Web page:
The Convention on the Elimination of All Forms of Discrimination against Women sets comprehensive international standards for women’s human rights. Signatory Governments are obligated to take steps in laws and policies to achieve these norms.
UN Women is committed to the advancement of women’s human rights and places their realization at the centre of its work in all thematic areas.
In South Asia, women confront manifold violations of their human rights — when they cannot participate in the decisions that affect their lives or claim fair political representation, when they face discrimination in employment, when they are denied entitlement to land and property, or when they suffer violence within their own home.
At the same time, South Asian Governments have undertaken legal human rights obligations to combat gender inequalities. The key international agreement on women’s human rights is the Convention on the Elimination of All Forms of Discrimination against Women (CEDAW), which is also described as the international bill of women’s rights.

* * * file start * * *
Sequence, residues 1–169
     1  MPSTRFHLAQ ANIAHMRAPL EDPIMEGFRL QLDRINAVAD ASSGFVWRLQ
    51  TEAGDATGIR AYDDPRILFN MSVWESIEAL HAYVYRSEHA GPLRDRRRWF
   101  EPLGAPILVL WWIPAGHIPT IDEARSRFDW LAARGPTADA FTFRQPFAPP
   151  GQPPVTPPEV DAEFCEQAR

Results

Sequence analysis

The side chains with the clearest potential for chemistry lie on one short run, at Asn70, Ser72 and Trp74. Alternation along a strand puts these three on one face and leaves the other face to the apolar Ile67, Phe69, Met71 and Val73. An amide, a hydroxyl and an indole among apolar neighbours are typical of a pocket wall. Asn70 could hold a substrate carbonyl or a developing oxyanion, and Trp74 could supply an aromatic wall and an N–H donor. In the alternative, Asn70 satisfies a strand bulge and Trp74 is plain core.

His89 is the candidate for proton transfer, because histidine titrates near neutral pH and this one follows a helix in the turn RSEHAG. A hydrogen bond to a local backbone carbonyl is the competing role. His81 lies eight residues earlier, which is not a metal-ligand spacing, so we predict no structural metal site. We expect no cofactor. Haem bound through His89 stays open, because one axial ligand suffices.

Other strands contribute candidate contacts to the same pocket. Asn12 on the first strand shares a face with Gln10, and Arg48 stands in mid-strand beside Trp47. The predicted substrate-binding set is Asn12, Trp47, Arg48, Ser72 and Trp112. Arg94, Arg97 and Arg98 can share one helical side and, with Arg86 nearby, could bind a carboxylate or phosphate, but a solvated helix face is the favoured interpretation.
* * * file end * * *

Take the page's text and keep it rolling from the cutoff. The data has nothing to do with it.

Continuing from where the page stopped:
Under CEDAW, States are required to eliminate the many different forms of gender-based discrimination women confront, not only by making sure that there are no existing laws that directly discriminate women, but also by ensuring that all necessary arrangements are put in place that will allow women to actually experience equality in their lives.
CEDAW is one of the most widely ratified human rights treaty. A total of 186 countries have ratified the Convention, including the eight South Asian countries of Nepal, Bangladesh, Pakistan, Afghanistan, Maldives, Sri Lanka, Bhutan, and India. By ratifying the Convention, all eight South Asian states are duty bound to undertake a series of measures at the national level to address discrimination against women.
Most South Asian countries have submitted their fourth report. Bhutan has submitted its seventh report. The Optional Protocol to CEDAW has been ratified by Nepal, Bangladesh, Maldives, and Sri Lanka. The CEDAW framework and its concepts have gained prominence as a tool for realizing women’s human rights in the region.
The constitutions of all countries in South Asia guarantee the fundamental rights of equality before the law and non-discrimination on the ground of sex. In South Asia, CEDAW has been used not only as a standard that has informed the framing of a country’s constitution, as in the case of Afghanistan, but has also been deployed to interpret constitutional rights, to make laws CEDAW complaint, and to enact new laws.